In the past two months, businesses across the country (and around the world) have shifted to a primarily remote-based model. 

That means millions of workers are communicating and collaborating via video conferencing software, leveraging tools like remote desktop software to solve IT issues, and relying on video streaming for live events.

But while virtual technologies are keeping organizations afloat while everyone works from home, these conveniences also present plenty of dangers.

Here’s how the risks of video conferencing, remote access software, and streaming can jeopardize your business, and what you can do to about it:

Video Conferencing

Usage of video conferencing platforms has skyrocketed since COVID-19 first took hold earlier this year. In fact, Zoom’s daily active users ballooned from 10 million to more than 200 million in just three months, according to data from Venture Beat.

Companies rely on Zoom, as well as Google Hangouts, WebEx Meetings, Microsoft Teams, and others, to empower team communication. But the recent explosion in video conferencing could give rise to several privacy and security issues if you and your team don’t take the necessary precautions.

The risks of video conferencing often arise when companies quickly implement this tech without properly training employees on security features. For example, if users don’t make meetings private or use public links, hackers can join your meetings and access sensitive information or share malicious links and files. Additionally, malware could allow hackers to record meetings without authorization

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Remote Access

Remote access software, which allows an authorized user to view and/or control another computer from anywhere in the world, is a tool IT teams know and love. For years, IT pros have relied on remote access to solve users’ problems without having to boot them out of their seats (or even sit in the same room). And, right now, with your workforce hunkered down in their homes, it’s one of the only ways IT can fix problems, manage upgrades, and more.

Now, imagine if a cybercriminal had the same level of access as your top tier IT personnel. Pretty scary, right?

One of the most significant risks of remote access software (especially right now) is hackers exploiting vulnerabilities and gaining access — which happens quite easily under the right circumstances. Say, for example, if an employee hasn’t updated their laptop to the latest antivirus software, or switches to a personal computer that doesn’t have the right protections in place and has been infected with malware.

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Streaming

With most live events canceled or postponed, many organizations are increasing usage of video streaming for both internal and external live events — like webinars.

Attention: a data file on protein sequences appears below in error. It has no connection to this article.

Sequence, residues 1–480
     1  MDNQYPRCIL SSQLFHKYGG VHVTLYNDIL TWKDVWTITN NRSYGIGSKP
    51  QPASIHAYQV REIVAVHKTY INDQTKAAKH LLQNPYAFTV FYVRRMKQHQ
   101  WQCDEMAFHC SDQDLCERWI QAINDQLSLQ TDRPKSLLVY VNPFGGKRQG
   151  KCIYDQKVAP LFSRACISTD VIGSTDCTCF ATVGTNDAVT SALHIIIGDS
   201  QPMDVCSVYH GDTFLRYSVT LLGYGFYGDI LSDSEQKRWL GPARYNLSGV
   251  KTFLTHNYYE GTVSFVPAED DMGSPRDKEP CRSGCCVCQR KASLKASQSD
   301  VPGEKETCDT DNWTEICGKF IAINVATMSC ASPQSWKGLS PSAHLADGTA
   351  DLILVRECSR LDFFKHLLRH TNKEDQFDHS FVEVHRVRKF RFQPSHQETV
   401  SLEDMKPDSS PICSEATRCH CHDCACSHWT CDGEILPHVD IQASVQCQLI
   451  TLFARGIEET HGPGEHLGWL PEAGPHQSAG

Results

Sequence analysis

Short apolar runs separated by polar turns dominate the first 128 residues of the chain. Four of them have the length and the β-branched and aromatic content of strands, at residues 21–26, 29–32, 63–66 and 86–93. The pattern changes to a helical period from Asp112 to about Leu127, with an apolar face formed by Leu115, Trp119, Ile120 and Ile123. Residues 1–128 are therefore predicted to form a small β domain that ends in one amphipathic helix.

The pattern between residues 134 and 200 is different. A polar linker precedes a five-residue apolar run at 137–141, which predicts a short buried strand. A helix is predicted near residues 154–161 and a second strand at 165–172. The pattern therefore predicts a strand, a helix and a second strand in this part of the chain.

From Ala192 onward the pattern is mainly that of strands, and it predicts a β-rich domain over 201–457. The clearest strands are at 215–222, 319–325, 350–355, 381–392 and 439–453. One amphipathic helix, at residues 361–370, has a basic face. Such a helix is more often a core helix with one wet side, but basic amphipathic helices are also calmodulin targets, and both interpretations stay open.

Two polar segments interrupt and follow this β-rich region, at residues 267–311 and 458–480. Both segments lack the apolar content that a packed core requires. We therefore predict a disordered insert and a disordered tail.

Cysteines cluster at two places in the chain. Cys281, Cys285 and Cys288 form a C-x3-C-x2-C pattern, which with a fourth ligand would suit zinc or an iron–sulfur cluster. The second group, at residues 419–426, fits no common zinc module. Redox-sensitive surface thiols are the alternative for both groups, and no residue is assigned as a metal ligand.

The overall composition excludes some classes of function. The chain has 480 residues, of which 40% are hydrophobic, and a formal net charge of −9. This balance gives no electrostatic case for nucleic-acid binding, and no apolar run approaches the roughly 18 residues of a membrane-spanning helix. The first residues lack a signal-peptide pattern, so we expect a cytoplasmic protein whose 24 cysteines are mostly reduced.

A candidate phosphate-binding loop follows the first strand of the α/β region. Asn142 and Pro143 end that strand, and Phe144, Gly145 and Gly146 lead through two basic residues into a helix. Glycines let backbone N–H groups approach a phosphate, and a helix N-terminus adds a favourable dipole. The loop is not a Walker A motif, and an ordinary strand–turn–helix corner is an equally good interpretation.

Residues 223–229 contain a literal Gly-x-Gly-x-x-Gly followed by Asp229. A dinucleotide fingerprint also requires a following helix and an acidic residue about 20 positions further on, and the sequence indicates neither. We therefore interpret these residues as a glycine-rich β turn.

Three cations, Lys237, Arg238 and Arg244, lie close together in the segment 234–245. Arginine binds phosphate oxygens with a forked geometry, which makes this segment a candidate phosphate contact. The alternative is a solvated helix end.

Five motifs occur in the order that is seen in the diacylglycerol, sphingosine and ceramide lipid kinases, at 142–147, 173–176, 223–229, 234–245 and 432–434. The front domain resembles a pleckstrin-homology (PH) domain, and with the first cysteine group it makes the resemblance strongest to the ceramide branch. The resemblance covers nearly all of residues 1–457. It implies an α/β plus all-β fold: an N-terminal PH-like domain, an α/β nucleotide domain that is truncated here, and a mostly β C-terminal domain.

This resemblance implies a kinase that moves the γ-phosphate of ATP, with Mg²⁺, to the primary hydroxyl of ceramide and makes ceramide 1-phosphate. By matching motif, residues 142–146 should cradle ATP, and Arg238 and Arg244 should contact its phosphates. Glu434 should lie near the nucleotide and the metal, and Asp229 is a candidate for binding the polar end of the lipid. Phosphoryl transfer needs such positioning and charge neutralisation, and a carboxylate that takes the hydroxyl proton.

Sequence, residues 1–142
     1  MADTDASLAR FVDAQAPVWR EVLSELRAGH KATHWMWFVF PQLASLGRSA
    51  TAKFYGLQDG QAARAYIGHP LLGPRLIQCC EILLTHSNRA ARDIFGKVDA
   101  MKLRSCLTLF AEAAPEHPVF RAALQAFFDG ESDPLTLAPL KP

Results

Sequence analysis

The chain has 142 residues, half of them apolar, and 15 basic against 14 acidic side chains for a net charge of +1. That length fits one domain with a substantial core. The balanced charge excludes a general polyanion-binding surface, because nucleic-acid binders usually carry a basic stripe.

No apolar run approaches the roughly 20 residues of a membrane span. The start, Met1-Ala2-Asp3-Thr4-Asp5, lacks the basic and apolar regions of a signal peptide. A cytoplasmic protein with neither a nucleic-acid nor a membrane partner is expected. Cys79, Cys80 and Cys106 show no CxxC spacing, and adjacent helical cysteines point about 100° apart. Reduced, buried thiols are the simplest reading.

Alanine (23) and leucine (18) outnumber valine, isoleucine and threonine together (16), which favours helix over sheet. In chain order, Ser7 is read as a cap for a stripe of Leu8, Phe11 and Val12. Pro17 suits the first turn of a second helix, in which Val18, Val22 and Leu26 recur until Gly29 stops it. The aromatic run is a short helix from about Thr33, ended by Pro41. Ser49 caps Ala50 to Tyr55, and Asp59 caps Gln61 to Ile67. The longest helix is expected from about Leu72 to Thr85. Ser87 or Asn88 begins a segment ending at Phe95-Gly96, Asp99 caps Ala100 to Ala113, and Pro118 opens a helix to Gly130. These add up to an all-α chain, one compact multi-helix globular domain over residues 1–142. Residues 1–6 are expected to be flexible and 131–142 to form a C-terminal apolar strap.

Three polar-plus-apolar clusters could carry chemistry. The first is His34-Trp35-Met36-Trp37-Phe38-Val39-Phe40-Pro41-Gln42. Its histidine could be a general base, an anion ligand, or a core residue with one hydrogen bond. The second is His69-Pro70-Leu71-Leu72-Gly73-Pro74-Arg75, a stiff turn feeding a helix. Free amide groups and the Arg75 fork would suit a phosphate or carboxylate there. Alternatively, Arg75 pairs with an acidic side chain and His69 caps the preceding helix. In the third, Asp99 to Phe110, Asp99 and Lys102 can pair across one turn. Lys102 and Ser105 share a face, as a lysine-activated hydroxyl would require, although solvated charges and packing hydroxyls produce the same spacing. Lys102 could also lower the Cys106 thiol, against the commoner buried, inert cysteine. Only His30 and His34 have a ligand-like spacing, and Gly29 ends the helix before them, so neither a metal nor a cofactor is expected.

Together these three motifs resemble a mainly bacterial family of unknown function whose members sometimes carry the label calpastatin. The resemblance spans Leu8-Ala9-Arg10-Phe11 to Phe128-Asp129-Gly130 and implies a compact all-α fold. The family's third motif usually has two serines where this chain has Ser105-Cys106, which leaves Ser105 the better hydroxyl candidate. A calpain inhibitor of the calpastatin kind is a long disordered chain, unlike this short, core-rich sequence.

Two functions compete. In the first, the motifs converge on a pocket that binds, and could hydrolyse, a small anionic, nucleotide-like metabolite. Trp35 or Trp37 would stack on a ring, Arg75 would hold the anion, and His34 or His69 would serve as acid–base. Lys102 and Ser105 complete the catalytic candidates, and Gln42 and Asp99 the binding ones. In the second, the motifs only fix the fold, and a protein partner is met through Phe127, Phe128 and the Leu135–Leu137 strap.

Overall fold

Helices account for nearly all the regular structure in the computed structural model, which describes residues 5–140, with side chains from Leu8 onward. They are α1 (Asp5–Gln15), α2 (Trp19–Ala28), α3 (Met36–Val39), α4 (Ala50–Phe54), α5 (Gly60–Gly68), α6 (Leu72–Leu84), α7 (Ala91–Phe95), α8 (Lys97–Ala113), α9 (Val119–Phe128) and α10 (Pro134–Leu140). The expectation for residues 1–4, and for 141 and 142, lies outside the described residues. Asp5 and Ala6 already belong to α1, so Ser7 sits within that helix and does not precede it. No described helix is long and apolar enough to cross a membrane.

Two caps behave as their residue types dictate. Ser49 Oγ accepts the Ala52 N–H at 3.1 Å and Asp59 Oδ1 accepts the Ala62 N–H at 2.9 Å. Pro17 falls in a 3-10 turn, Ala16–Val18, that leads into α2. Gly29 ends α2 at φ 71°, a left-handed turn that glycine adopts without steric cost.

Unlike video conferencing, which is more collaborative, streaming is usually one-directional. (For example, your CEO may live stream an all-hands meeting with your company.) But the risks of video conferencing and streaming are similar.

For example, hackers can use public links to access your live stream and wreak havoc by posting spammy messages, hate speech, and more in the live chat. They can also screen-grab sensitive company information you might be sharing, and either sell this information or use it to gain access to your network.

Photo by Austin Distel on Unsplash

How Can You Reduce Your Risks?

Let’s be real: despite the security challenges these solutions create, you can’t simply not use them. (After all, if you gave up every technology with a security risk, you’d be living in the Dark Ages.)

But that doesn’t mean you have to remain a sitting duck, either.

Here are a few steps you can take to mitigate your risk:

  • Educate your employees
    Ensure your workforce is aware of these dangers, teach them how to help keep your company safe — and hold them accountable when they ignore best practices.
  • Use a VPN
    Require employees to use a VPN. Most (if not all) or your workforce is currently using their home WiFi connections, and many of them probably aren’t adequately securing those connections.
  • Use two-factor authentication
    Whenever possible, always set up two-factor authentication for all services, including video conferencing, remote access, and streaming.
  • Crackdown on rogue IT
    Remind employees not to download any software or use any hardware that hasn’t been authorized by your IT team.
  • Leverage threat intelligence
    Use actionable threat intelligence to detect whether any services you use have been hacked, or if your digital identities have been compromised. (The best services will also assist you in recovering from a hack, should you become a victim.)

Photo by Petter Lagson on Unsplash

We don’t know when the COVID-19 pandemic will end, but one thing is for sure: an uptick in remote work will be part of the “new normal” even long after the virus tapers off. By protecting your organization today, you’ll be well-prepared no matter what the future of work holds in store.

Interested in learning more about what threat intelligence can do for you? Request a demo now!

 

Featured image by Bruce Mars.